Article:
15 Clinical outcomes in patients treated with glycoprotein IIB/IIIA inhibitors during primary percutaneous coronary intervention according to arterial access site

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Abstract

Background

There are little available contemporary real-world data in the era of third-generation P2Y12-receptor inhibitors, examining the association between glycoprotein IIb/IIIa inhibitors (GPI) and outcomes in patients undergoing primary percutaneous coronary intervention (PPCI) for ST-segment elevation myocardial infarction (STEMI), according to arterial access site.

Objectives

We sought to investigate this association in a contemporary cohort of real-world patients.

Methods

Clinical and follow-up data for all patients undergoing PPCI in Leeds General Infirmary between 01–01–2009 and 31–12–2011, and 01–01–2013 and 31–12–2013 were collected prospectively. Patients included in this analysis had pre-procedural Thrombolysis in Myocardial Infarction (TIMI)−0 flow and post-procedural TIMI-3 flow in their infarct-related artery. Clinical endpoints were 30 day and 12 month mortality, and 30 day HORIZONS-major bleeding. Patients were analysed according to arterial access site with Cox-regression models, to assess the association between GPI use and outcomes in each group (transfemoral PPCI and transradial PPCI), adjusting for confounding variables.

Results

A total of 2369 patients were included in this analysis, of whom 821 (34.7%) underwent transfemoral PPCI and 1548 (65.3%) underwent transradial PPCI (Figure 1). GPI was used in 169 (20.6%) patients undergoing transfemoral PPCI, and 179 (11.6%) patients undergoing transradial PPCI. In transfemoral PPCI, GPI use was independently associated with 30 day mortality (HR 2.04 (1.05–3.94); p=0.03) and 30 day bleeding (HR 2.05 (1.07–3.93); p=0.03), particularly arterial access site bleeding (HR 2.71 (1.00–7.37); p=0.05), with no significant difference in 12 month mortality (HR 1.48 (0.82–2.67); p=0.20) (Table 1; Figures 2 (A)-(C)). However, in transradial PPCI, GPI use was not associated with 30 day (HR 1.27 (0.39–4.16); p=0.69) or 12 month (HR 1.21 (0.58–2.51); p=s0.62) mortality, or 30 day bleeding (HR 1.93 (0.73–4.76); p=0.16) (Figures 3 (A)-(C)).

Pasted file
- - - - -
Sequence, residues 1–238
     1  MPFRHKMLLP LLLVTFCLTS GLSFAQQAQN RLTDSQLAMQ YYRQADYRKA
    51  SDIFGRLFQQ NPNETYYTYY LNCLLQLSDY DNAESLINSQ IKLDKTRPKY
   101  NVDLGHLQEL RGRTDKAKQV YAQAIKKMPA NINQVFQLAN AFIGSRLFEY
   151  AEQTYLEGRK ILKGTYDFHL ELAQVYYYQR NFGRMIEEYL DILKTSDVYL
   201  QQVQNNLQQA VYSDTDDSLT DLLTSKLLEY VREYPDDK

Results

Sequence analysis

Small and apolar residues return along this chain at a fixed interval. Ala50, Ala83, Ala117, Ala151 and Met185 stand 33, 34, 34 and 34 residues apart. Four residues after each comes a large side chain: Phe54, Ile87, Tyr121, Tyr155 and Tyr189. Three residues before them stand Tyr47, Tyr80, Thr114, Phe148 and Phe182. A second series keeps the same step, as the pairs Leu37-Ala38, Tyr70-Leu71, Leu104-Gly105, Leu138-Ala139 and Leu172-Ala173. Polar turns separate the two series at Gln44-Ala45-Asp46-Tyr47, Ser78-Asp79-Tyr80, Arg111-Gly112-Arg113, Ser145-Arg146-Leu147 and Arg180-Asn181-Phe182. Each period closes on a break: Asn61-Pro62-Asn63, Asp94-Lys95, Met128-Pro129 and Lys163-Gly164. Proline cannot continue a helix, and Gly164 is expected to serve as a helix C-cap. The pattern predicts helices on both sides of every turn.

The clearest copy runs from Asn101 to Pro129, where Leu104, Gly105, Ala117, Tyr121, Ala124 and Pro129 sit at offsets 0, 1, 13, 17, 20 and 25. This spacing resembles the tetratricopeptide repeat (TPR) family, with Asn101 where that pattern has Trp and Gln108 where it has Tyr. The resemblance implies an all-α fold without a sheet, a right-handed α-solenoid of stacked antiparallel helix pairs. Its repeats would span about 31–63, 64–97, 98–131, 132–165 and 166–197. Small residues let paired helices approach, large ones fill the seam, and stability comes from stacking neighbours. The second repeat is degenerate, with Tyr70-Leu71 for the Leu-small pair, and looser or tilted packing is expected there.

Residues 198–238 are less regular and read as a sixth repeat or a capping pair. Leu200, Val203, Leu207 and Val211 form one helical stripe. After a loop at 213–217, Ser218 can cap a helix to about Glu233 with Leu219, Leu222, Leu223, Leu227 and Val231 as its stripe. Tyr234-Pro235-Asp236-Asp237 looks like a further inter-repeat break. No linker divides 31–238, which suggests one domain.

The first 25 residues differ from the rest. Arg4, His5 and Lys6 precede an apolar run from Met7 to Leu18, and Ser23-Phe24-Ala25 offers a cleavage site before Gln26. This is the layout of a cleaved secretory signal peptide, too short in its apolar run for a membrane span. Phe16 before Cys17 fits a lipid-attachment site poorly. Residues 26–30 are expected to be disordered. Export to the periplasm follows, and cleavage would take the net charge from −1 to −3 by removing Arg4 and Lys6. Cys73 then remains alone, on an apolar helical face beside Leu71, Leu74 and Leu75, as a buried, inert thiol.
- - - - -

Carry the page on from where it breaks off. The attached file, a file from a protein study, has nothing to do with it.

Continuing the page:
Conclusion

In transfemoral PPCI, GPI use was independently associated with worse 30 day mortality and 30 day bleeding, particularly access-site bleeding. This association was not observed in transradial PPCI.

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